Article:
Bullying is a mean, hostile behavior that:
- Is intentional – the bullying is being done for a reason or a goal.
- Involves the aggressor using some sort of power over his/her victim. He or she may feel powerful because they are popular or the aggressive person might feel it’s acceptable to put down others.
- Happens repeatedly – more than just a couple of times.
Bullying can be physical or verbal. It can be face to face, or behind someone’s back. Bullying can also involve actions that border on discrimination, whether it’s about sexuality, gender, race, class, or something else.
If it happens once in a while, or it’s a one-time event, it’s not bullying – it’s being rude. If it’s a discussion stemming from disagreements, fights, or mean words that result from misunderstandings, then it’s not bullying. But that being said, it’s not always black or white, and it’s important to keep in mind that conflicts that start out as jokes, misunderstandings, arguments and fights can escalate and lead to ongoing bullying situations.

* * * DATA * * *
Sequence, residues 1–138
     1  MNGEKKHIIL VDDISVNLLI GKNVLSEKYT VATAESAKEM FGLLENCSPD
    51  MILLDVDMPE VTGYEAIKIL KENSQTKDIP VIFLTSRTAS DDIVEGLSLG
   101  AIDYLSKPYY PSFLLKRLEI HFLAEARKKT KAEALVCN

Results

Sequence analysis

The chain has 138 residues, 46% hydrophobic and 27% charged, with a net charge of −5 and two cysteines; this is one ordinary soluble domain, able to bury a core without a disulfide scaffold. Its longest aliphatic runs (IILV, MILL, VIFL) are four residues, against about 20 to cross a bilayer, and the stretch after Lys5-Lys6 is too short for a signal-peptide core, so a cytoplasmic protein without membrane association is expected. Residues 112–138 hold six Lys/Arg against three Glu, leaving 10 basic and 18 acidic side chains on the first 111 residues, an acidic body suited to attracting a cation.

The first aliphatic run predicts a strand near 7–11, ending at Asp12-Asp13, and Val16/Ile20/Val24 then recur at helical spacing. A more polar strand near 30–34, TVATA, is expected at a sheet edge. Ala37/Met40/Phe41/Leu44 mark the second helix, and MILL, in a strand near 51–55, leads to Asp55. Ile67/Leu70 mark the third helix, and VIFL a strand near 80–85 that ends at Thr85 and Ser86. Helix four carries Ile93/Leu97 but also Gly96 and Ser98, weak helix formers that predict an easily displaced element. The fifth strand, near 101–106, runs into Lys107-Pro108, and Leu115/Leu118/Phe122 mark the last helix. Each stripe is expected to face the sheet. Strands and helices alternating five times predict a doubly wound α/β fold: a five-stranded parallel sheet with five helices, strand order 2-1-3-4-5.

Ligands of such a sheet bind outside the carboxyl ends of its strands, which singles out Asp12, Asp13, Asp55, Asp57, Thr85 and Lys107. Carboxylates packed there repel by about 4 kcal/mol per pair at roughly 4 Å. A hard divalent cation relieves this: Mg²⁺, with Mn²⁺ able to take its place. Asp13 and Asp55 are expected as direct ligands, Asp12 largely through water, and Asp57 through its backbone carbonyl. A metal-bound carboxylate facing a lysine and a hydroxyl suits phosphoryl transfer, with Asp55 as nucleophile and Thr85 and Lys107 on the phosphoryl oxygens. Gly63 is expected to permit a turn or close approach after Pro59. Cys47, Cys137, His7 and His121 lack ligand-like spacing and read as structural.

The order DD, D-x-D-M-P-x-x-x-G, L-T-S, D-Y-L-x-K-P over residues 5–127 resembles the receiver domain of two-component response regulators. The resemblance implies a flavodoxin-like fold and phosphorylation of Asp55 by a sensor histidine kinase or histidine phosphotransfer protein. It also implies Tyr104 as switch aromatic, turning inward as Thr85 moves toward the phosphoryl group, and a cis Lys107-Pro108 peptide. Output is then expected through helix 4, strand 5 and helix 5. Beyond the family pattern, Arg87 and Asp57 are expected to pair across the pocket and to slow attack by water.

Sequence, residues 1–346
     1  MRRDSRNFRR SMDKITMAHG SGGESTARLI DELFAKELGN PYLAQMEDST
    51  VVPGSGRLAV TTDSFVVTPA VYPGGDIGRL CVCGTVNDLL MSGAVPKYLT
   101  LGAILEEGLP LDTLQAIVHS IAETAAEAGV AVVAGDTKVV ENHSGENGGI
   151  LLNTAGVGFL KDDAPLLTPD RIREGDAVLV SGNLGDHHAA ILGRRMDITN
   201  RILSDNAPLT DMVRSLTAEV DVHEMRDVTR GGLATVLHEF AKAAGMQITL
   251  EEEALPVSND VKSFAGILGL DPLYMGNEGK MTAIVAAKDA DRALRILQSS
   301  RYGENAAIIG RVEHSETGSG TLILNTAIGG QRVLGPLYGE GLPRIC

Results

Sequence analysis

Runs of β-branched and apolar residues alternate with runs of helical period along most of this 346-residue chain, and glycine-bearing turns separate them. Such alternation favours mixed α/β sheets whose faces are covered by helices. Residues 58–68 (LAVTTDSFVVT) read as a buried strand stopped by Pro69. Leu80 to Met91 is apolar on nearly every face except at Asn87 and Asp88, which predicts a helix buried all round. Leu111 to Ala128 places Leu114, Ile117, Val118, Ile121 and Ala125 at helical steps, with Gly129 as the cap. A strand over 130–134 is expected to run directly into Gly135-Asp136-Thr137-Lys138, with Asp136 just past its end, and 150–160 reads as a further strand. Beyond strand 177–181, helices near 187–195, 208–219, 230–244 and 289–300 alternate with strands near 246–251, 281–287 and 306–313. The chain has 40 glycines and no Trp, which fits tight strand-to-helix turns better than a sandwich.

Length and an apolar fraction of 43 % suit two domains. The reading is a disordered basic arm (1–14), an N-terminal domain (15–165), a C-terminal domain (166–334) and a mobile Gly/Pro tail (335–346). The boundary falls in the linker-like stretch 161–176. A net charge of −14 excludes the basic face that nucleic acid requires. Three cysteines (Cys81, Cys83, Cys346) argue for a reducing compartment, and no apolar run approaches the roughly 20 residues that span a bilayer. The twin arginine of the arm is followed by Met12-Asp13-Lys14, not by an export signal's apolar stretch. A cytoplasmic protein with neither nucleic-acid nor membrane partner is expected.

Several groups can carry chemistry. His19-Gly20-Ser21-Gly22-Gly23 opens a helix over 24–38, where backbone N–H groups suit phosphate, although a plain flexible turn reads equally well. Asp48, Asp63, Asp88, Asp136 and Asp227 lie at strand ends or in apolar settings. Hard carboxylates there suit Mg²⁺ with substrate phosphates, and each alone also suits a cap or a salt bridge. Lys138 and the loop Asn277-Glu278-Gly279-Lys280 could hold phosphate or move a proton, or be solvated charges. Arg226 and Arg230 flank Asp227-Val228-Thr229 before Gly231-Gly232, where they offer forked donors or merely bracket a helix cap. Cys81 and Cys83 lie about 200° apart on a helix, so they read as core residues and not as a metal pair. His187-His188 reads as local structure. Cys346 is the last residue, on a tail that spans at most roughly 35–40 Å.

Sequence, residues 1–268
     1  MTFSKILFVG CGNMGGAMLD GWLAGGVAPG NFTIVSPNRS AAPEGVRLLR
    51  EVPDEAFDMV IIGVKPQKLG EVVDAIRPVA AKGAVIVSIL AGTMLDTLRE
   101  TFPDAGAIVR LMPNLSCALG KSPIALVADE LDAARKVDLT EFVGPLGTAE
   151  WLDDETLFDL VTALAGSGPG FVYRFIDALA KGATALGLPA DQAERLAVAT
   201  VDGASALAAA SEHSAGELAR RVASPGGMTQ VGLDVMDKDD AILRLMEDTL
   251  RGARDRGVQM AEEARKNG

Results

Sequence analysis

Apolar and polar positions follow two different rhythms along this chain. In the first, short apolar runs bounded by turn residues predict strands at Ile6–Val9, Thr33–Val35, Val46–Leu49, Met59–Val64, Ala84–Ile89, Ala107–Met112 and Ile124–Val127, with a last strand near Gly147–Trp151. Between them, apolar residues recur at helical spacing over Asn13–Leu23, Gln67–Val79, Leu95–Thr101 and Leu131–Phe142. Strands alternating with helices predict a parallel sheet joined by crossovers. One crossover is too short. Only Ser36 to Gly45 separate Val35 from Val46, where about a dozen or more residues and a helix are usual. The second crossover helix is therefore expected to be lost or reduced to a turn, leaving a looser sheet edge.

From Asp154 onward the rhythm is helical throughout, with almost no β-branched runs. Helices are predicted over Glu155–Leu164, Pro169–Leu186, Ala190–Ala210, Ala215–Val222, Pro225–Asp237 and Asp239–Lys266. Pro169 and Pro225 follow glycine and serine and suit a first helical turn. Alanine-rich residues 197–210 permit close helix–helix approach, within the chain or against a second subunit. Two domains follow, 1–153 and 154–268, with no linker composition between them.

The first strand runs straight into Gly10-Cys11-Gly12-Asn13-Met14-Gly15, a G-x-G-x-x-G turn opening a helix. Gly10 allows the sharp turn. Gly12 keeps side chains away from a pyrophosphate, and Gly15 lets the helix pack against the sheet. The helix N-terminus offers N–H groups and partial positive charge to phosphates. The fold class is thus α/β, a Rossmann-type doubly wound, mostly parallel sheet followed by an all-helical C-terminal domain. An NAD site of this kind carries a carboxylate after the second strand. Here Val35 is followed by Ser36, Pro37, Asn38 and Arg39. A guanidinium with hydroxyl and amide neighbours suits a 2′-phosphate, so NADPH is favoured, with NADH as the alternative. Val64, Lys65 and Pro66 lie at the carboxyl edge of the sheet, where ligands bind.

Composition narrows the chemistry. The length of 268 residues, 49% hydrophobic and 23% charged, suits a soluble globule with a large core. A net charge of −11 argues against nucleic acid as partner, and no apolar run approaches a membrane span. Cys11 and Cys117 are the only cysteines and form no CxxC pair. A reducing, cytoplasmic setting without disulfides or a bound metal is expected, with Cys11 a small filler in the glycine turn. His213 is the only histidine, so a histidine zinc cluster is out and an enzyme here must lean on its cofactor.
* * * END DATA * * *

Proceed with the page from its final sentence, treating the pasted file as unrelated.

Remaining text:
In general, offline bullying is more common than online bullying up until high school and college. Bullying is connected with certain negative psychological, social and academic consequences.
A child’s relationship with their friends and others at school can affect the way they feel about bullying. If a child is comfortable in their social group and their friends don’t support bullying, it’s more than likely that your child will not support bullying. People who have friends who don’t support bullying are also more likely to stand up for the victim if they witness bullying. However, if their friends are bullying others, it can be easy to give into peer pressure and take part in bullying with them.
Bullying leads to low self-esteem, trouble with relationships, less success in school, and increased difficulties in social situations.
All too often it leads to violence.